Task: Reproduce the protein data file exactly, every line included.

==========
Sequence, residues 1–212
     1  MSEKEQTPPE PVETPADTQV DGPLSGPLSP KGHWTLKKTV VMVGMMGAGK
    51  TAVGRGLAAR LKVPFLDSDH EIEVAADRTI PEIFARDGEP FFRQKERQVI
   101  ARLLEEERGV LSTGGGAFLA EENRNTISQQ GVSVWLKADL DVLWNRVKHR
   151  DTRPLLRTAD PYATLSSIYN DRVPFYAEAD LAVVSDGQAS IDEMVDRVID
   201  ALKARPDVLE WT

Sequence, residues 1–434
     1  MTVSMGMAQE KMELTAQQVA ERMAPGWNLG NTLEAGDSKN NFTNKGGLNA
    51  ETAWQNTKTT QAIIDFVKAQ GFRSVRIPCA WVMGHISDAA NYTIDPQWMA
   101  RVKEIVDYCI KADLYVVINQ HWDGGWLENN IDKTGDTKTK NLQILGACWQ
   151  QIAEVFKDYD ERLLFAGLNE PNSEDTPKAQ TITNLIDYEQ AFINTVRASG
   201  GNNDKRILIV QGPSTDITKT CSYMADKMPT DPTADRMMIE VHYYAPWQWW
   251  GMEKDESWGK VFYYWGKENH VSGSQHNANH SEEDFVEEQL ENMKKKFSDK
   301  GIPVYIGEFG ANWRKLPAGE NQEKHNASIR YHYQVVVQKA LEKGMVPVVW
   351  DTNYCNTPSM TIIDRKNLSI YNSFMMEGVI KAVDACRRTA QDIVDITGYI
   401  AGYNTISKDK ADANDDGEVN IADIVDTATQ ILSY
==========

Sequence, residues 1–212
     1  MSEKEQTPPE PVETPADTQV DGPLSGPLSP KGHWTLKKTV VMVGMMGAGK
    51  TAVGRGLAAR LKVPFLDSDH EIEVAADRTI PEIFARDGEP FFRQKERQVI
   101  ARLLEEERGV LSTGGGAFLA EENRNTISQQ GVSVWLKADL DVLWNRVKHR
   151  DTRPLLRTAD PYATLSSIYN DRVPFYAEAD LAVVSDGQAS IDEMVDRVID
   201  ALKARPDVLE WT

Sequence, residues 1–434
     1  MTVSMGMAQE KMELTAQQVA ERMAPGWNLG NTLEAGDSKN NFTNKGGLNA
    51  ETAWQNTKTT QAIIDFVKAQ GFRSVRIPCA WVMGHISDAA NYTIDPQWMA
   101  RVKEIVDYCI KADLYVVINQ HWDGGWLENN IDKTGDTKTK NLQILGACWQ
   151  QIAEVFKDYD ERLLFAGLNE PNSEDTPKAQ TITNLIDYEQ AFINTVRASG
   201  GNNDKRILIV QGPSTDITKT CSYMADKMPT DPTADRMMIE VHYYAPWQWW
   251  GMEKDESWGK VFYYWGKENH VSGSQHNANH SEEDFVEEQL ENMKKKFSDK
   301  GIPVYIGEFG ANWRKLPAGE NQEKHNASIR YHYQVVVQKA LEKGMVPVVW
   351  DTNYCNTPSM TIIDRKNLSI YNSFMMEGVI KAVDACRRTA QDIVDITGYI
   401  AGYNTISKDK ADANDDGEVN IADIVDTATQ ILSY